References are a risky business – firstly, it’s unlikely someone would provide someone that would give them a bad reference. Secondly, a referee has the right to see their reference. So a referrer is unlikely to give a negative portrayal of them. After all, they might want a reference from that referee one day. So how do you make the reference process valuable?
A reference is more than a confirmation of past work history. This is your opportunity to find out from someone that has worked with your prospective new hire before, what they are truly like, what makes them tick and how they like to be managed. And of course whether what they say tallies with their previous work place. In the worst (or best, depending on how you look at it) place, you’ll find out if in reality, your new hire actually has already been let go from their current company, and isn’t really working out their surprisingly ‘short’ notice period. In the best possible case, you can find out how they like to be managed and what you can do to get the best out of them. Perhaps they perform best with a hands off management style, and perhaps you’ll find out a nugget of information about them that the interview process didn’t reveal. Or perhaps you’ll find that they are more introvert in terms of personality style and even if they don’t respond initially with a huge amount of information – you should definitely keep engaging with them.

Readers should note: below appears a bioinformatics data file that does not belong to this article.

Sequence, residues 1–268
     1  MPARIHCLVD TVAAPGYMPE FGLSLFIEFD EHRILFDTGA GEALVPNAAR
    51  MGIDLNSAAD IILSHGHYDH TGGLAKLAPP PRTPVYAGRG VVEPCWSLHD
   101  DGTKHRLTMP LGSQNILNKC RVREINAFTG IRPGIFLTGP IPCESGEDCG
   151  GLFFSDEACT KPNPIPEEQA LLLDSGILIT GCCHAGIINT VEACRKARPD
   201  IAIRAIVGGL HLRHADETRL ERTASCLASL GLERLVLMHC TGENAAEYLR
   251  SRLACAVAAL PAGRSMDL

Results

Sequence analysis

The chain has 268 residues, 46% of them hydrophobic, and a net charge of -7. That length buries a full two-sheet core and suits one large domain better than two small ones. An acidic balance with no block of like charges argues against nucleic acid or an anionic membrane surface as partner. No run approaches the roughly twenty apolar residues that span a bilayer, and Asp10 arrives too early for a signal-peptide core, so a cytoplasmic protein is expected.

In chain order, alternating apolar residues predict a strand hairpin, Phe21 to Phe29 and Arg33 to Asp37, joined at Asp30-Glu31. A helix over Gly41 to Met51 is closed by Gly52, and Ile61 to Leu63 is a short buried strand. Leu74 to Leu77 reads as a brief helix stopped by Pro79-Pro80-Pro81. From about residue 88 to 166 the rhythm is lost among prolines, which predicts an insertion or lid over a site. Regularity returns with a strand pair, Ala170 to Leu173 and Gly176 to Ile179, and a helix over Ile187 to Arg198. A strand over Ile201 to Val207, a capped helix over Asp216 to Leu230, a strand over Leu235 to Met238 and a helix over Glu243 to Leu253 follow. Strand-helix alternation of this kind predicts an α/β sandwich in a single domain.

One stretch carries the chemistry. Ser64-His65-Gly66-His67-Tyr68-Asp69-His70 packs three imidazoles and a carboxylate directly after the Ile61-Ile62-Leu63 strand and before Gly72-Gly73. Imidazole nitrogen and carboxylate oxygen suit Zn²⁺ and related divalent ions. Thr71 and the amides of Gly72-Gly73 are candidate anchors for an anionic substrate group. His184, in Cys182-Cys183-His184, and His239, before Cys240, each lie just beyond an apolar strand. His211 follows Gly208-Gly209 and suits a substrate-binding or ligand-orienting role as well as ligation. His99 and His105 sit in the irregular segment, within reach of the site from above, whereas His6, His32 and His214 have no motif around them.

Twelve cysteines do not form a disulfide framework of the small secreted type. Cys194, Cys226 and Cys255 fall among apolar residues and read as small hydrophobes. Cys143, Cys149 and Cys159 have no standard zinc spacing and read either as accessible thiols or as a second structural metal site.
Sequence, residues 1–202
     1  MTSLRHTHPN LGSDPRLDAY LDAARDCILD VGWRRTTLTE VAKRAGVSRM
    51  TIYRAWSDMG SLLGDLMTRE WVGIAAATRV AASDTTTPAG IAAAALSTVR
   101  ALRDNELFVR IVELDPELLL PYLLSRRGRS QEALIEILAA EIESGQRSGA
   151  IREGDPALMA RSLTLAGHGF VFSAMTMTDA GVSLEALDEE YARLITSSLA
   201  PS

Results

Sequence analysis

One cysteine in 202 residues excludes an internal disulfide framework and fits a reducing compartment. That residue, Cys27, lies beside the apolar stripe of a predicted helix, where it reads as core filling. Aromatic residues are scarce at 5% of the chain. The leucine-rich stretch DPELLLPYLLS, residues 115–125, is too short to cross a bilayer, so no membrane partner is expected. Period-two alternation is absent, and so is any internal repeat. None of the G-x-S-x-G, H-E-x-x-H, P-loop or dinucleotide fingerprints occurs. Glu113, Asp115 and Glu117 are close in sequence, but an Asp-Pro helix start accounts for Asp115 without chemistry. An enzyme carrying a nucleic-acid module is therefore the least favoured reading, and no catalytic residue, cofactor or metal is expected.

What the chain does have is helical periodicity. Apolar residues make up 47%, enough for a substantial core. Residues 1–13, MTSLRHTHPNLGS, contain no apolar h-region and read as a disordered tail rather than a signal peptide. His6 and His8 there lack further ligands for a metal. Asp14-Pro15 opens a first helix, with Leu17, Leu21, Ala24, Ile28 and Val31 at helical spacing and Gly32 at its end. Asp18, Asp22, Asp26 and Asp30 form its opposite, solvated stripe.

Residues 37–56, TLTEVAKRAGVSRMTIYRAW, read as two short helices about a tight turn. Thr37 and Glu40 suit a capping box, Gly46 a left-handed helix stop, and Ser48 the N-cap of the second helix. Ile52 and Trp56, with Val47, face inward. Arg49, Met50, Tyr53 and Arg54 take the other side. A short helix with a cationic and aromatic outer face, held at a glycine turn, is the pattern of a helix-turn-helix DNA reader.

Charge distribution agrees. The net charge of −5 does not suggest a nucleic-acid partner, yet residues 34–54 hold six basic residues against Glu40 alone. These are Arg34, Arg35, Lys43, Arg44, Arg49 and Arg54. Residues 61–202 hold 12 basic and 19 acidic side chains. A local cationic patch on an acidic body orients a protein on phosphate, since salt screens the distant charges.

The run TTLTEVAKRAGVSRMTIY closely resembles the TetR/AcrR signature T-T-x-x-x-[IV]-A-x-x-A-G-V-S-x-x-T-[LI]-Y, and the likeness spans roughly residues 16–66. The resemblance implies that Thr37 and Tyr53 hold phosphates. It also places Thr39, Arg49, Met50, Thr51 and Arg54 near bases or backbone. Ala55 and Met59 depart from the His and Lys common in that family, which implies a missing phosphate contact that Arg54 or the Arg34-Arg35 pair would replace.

So how can you get the most out of the reference process?
Here are a few tips:
- Ask the right questions. What do you want to know about your new hires?
- Tailor it per role – you’ll want different information for different roles.
- Ask the right people – get a reference from their last work place.
- Get more than the dates – ensure you get a character reference
- Don’t fall foul of HR rules – HR might not provide a detailed reference, ask your new hire to provide you with a direct email address and phone number
- Put the onus on your new hire – tell them they cannot start until you have references
- Send the references to your hiring manager and Head of that area of the business to review before the new hire joins
To really understand whether a candidate would be the right fit, it’s always a good idea to talk to the people who know best: their references.